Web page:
5 Reasons We Don’t Keep Separate Finances After Marriage

My wife and I decided to combine our finances when we got married.

It simply made the most sense to us.

Some people argue couples should also keep their finances separate. We respectfully disagree.

Here’s why we decided against keeping our finances separate.

We Have the Same Financial Goals

I don’t know about you but I wouldn’t marry someone who doesn’t have the same goals, financial or otherwise, as I do.

My wife and I just want to live a decent lifestyle while making sure we are prepared for the future. We don’t want to incur debt unless absolutely necessary. We want to be able to retire comfortably and are willing to save a decent chunk of money now to be able to do so.

If you and your future spouse don’t have similar goals when it comes to your finances, you’re likely going to get in a few money fights.

Even if your finances are separate, you’ll eventually have to face the music if your spouse isn’t on the same financial page as you.

We Don’t Want to Create Resentment

If we kept separate finances, we’d likely get tired of the income inequality between us.

What would happen if my wife becomes a major saver due to having a higher income? I might decide to spend all my money because I would know she has savings.

I might expect her to treat me to dinners and vacations because she has money available in her savings when my account balance shows $0. That wouldn’t be fair to her but it’d seem like a good alternative in my eyes.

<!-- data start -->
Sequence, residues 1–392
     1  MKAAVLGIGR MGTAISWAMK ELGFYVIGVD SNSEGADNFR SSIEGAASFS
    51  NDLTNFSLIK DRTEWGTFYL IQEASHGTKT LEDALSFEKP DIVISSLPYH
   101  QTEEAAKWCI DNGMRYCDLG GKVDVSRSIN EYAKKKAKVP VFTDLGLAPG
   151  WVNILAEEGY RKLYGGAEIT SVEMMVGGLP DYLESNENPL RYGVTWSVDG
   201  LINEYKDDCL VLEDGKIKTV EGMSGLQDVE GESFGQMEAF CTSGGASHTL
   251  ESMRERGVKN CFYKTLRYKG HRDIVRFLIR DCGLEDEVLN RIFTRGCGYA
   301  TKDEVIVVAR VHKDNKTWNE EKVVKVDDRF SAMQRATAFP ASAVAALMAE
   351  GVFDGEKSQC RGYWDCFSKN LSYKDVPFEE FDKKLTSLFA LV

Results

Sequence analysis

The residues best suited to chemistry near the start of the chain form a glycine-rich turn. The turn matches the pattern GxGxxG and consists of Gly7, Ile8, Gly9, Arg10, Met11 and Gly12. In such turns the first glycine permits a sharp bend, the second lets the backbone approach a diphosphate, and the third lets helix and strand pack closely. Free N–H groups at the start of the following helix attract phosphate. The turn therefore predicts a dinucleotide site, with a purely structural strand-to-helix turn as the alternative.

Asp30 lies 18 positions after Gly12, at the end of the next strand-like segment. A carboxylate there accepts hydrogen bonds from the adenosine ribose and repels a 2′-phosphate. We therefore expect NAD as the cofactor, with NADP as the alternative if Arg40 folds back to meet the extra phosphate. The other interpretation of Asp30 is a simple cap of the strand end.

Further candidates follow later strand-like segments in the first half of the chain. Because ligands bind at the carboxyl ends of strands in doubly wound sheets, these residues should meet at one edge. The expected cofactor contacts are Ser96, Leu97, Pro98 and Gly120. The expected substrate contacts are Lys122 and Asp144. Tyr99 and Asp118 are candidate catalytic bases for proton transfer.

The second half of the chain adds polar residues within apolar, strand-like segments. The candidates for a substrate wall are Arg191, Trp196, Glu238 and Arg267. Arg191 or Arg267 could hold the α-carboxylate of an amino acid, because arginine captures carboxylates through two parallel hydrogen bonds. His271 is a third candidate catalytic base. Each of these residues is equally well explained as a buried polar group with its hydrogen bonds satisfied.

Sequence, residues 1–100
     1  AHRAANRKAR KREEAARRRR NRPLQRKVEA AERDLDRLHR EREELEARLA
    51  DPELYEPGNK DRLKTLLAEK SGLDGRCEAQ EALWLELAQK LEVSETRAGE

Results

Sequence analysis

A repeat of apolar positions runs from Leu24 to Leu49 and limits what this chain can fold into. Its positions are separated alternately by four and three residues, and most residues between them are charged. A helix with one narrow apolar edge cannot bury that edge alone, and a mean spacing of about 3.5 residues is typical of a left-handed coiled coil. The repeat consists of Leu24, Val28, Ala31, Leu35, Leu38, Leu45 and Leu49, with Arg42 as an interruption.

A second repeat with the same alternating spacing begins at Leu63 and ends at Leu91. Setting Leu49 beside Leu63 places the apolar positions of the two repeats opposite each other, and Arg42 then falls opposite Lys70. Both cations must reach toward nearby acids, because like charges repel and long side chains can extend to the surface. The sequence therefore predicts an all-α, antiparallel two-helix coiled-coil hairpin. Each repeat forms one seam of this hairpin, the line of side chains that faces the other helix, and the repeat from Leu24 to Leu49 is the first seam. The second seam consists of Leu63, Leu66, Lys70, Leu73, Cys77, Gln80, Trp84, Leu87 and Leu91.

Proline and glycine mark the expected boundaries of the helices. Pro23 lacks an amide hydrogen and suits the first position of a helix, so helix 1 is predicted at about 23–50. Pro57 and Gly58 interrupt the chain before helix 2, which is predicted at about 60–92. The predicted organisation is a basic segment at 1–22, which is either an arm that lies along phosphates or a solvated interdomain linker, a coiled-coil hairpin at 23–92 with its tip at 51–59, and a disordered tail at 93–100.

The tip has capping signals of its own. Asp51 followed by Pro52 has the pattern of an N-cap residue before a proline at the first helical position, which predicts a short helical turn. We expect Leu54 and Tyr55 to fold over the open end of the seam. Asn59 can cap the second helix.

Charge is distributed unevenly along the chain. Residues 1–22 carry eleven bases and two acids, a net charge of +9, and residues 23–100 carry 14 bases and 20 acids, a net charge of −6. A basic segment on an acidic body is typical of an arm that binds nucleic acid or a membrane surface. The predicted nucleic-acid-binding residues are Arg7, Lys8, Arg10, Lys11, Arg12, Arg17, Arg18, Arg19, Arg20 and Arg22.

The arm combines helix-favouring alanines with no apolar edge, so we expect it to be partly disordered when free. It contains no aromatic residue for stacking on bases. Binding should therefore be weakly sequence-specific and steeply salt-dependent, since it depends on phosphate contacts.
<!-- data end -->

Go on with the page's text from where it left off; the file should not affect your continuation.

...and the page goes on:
We’re A Team – Our Money Should Act That Way

On a more basic level when you become married you become a team for life. If you’re a team for life why wouldn’t you want your money to act like a team as well to maximize its potential?

Often, separate finances means little communications about finances. Having separate finances could easily lead to duplicate effort or a non optimal use of each person’s money.

Separate Finances Makes It Easier To Hide Financial Problems

If you keep your finances completely separate, chances are you’ll never talk about your financial situations with each other. Even if you do, chances are that you’ll never see the complete picture of the financial situation your spouse is in. Why?

You kept your finances separate for a reason.

If you can’t co-mingle your finances and agree how to spend money together, you’d probably hide the part your of your finances your partner would argue with you about. After all, those fights are why you keep your finances separate right?

It Wouldn’t Work For Retirement

Retirement is even messier with separate finances. Unless we both had the same goals for retirement and we both saved a good chunk of our separate money for retirement, it just simply wouldn’t work.